After \(T\) turns, the total payoff for each constraint is equal to the sum of violations by all solutions in the accumulator. Once we divide both sides by \(T\), we find that the divided payoff for each constraint is equal to its violation by the average of the solutions in the accumulator. For example, if we have two solutions, one that violates the calories constraint by \(500\) and another that satisfies it by \(1000\) (violates it by \(-1000\)), the total payoff for the calories constraint is \(-500\), and the average of the two solutions does strictly satisfy the linear constraint by \(\frac{500}{2} = 250\)!

We also know that we only generated feasible solutions to the relaxed subproblem (otherwise, we'd have stopped and marked the original LP as infeasible), so the black box's total payoff is \(0\) or negative.

Finally, we assumed that the black box algorithm guarantees an additive regret in \(\mathcal{O}(\sqrt{T}\, \lg n)\), so the black box's payoff of (at most) \(0\) means that any constraint's payoff is at most \(\mathcal{O}(\sqrt{T}\, \lg n)\). After dividing by \(T\), we obtain a bound on the violation by the arithmetic mean of all solutions in the accumulator: for all constraint, that violation is in \(\mathcal{O}\left(\frac{\lg n}{\sqrt{T}}\right)\). In other words, the number of iteration \(T\) must scale with \(\mathcal{O}\left(\frac{\lg n}{\varepsilon\sp{2}}\right)\), which isn't bad when \(n\) is in the millions but \(\varepsilon \approx 0.01\).

Theoreticians find this reduction interesting because there are concrete implementations of the black box, e.g., the multiplicative weight update (MWU) method with non-asymptotic bounds. For many problems, this makes it possible to derive the exact number of iterations necessary to find an \(\varepsilon-\)feasible fractional solution, given \(\varepsilon\) and the instance's size (but not the instance itself).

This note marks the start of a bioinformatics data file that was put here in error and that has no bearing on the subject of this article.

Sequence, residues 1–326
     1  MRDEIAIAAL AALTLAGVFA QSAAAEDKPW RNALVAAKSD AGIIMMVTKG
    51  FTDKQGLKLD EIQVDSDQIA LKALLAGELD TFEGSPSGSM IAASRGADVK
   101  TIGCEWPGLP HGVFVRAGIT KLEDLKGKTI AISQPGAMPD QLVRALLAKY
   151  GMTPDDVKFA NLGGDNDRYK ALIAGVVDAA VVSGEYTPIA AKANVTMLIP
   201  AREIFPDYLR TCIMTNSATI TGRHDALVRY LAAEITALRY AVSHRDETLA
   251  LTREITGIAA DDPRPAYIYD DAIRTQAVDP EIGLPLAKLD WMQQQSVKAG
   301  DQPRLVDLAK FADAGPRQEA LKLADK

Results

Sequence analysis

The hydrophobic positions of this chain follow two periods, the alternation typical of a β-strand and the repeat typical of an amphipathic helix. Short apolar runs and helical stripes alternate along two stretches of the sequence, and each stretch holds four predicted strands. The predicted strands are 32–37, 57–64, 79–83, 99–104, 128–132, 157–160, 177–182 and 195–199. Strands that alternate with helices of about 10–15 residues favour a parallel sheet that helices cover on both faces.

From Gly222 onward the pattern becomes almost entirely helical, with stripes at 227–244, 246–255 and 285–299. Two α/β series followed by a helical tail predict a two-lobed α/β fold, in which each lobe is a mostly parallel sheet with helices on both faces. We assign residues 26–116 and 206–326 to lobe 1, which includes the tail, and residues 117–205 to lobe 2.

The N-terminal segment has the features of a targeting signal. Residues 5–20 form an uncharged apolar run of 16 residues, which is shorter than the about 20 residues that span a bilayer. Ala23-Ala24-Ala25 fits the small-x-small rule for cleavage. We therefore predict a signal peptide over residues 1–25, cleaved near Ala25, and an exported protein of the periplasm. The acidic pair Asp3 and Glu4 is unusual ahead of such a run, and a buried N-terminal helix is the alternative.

That's why algorithms like MWU are theoretically useful tools for fractional approximations, when we already have subgradient methods that only need \(\mathcal{O}\left(\frac{1}{\varepsilon}\right)\) iterations: state-of-the-art algorithms for learning with experts explicit non-asymptotic regret bounds that yield, for many problems, iteration bounds that only depend on the instance's size, but not its data. While the iteration count when solving LP feasibility with MWU scales with \(\frac{1}{\varepsilon\sp{2}}\), it is merely proportional to \(\lg n\), the log of the the number of linear constraints. That's attractive, compared to subgradient methods for which the iteration count scales with \(\frac{1}{\varepsilon}\), but also scales linearly with respect to instance-dependent values like the distance between the initial dual solution and the optimum, or the Lipschitz constant of the Lagrangian dual function; these values are hard to bound, and are often proportional to the square root of the number of constraints. Given the choice between \(\mathcal{O}\left(\frac{\lg n}{\varepsilon\sp{2}}\right)\) iterations with explicit constants, and a looser \(\mathcal{O}\left(\frac{\sqrt{n}}{\varepsilon}\right)\), it's obvious why MWU and online learning are powerful additions to the theory toolbox.